“I’ve made lots of movies about sex,” Maggie Gyllenhaal says soberly. “I feel pretty open and curious and interested. I was surprised to feel as much as I did.”
Ms. Gyllenhaal is remarking on what happened when she watched her new film along with the crowds at the Toronto film festival last year. “I felt like … people [in the audience] were a little hysterical, flushed. I felt that a little bit, too. I was just surprised that we all as a culture are so unused to seeing or talking about women having orgasms. I didn’t expect to feel that way.”
While only inspired by historical fact, “Hysteria,” set in Victorian London, focuses on two doctors who specialize in the treatment of an amorphous female condition given the catch-all term that also serves as the movie’s title. Dr. Mortimer Granville (Hugh Dancy) and Dr. Robert Dalrymple (Jonathan Pryce) find that stimulating a “paroxyism” (i.e. orgasm) in the female can relieve them of their nervousness, depression or other such feelings of malaise. But the intensity of the work – there are many shots of poor Dr. Granville soaking his hands in ice water – leads the younger doctor to stumble on the invention for the first “personal massager” (i.e. vibrator).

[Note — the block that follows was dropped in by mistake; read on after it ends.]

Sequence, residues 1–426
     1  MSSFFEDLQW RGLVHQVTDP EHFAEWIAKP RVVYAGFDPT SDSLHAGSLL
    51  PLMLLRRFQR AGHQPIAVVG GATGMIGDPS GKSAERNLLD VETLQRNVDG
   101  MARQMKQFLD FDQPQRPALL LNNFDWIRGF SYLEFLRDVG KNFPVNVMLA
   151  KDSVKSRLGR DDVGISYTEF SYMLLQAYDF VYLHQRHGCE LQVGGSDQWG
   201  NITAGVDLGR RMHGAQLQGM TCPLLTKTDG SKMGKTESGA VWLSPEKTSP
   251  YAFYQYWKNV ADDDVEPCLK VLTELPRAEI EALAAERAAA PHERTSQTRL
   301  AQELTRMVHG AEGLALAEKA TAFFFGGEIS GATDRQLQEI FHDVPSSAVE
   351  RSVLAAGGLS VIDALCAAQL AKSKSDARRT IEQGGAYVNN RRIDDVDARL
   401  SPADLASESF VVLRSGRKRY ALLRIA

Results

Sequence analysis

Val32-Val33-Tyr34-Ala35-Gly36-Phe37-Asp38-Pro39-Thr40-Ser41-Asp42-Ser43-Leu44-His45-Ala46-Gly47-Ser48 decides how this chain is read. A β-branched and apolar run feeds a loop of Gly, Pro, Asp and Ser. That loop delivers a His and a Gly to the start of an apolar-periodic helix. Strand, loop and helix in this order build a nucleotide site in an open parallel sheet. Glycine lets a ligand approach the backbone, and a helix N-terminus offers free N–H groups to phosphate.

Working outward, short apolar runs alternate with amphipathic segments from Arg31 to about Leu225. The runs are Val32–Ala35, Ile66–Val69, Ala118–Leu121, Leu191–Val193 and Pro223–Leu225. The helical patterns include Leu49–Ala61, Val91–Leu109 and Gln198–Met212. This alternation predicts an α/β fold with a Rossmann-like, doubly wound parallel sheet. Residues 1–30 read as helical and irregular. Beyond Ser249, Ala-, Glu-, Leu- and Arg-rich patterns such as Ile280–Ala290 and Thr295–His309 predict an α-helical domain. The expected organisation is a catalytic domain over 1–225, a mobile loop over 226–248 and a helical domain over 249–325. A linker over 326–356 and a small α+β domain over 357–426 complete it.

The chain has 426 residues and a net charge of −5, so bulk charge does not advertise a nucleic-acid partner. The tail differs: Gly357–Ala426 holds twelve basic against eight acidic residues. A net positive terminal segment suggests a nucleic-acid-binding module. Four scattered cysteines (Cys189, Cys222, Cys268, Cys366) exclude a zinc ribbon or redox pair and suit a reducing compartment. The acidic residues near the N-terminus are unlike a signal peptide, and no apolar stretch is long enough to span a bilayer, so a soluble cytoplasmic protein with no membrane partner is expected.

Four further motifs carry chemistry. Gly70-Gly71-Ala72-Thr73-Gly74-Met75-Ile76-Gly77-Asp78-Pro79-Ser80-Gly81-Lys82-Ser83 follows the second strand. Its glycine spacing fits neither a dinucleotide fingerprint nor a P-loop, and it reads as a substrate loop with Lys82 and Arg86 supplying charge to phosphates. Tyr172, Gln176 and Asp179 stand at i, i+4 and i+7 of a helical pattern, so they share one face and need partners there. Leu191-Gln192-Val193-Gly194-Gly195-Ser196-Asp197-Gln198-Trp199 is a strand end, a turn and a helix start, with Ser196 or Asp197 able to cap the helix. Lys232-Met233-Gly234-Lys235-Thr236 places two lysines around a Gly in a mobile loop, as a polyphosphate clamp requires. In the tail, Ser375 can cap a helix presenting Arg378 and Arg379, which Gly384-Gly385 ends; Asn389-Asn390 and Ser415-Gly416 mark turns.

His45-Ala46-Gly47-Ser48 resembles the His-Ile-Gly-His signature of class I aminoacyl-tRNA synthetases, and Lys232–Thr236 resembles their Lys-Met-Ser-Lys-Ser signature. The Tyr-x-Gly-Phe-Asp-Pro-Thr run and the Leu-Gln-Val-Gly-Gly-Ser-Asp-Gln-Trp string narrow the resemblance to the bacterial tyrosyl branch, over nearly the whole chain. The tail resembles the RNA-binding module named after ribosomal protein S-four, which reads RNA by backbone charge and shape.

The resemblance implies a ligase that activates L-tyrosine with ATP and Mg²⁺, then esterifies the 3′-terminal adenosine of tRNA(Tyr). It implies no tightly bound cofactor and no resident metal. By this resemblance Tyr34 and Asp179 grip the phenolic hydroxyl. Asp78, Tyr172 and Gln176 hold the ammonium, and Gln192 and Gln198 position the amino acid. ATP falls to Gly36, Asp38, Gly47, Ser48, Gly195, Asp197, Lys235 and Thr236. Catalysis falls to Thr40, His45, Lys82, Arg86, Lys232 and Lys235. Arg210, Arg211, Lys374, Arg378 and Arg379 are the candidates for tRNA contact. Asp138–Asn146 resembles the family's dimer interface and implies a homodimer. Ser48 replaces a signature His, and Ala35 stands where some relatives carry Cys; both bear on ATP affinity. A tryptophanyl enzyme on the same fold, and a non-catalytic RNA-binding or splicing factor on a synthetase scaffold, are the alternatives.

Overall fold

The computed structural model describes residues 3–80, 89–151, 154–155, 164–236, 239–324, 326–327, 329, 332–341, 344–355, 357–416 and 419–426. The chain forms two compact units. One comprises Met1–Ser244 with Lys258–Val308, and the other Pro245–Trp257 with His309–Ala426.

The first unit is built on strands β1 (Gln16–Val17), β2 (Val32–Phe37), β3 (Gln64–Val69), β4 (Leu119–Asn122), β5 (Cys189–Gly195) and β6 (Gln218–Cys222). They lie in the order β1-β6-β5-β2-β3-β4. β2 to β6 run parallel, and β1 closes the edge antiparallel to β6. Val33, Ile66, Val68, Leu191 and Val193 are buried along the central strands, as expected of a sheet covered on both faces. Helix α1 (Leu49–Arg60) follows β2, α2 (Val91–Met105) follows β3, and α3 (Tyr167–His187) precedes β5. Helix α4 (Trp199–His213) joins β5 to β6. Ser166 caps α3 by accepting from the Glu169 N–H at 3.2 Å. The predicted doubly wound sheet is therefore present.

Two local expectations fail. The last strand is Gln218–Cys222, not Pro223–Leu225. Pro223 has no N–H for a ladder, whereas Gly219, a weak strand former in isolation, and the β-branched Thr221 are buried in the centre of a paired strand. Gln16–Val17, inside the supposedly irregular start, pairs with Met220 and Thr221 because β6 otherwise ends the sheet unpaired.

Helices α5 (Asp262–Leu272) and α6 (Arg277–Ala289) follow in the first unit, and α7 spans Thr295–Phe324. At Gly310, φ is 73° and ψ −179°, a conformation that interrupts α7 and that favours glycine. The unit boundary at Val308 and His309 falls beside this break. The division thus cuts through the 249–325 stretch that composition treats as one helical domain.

Having starred in many a steamy scene, including those of the quirky S&M drama “Secretary,” Gyllenhaal has no problem with a frank discussion on sexual politics. Given that “Hysteria” is released only a few years after Sarah Ruhl’s Tony-nominated play “In the Next Room (or The Vibrator Play)” which also covers the topic of Victorian vibrators, she’s happy to speculate as to why we’re seeing such an interest in that era of sexual repression and eventual awakening.
“Maybe we’re just ready to starting thinking about women’s sexuality and pleasure in a way that we hadn’t been before,” she offers. “What I keep thinking is interesting is that [these Victorian doctors] in the movie have this really difficult job of walking this line between believing that they are performing a medical procedure that has nothing to do with sexuality. At the same time, people have been having sex since there have been people. Orgasms are associated with sexual pleasure. Like, how dissociative do you have to be to think that this has nothing to do with sex?”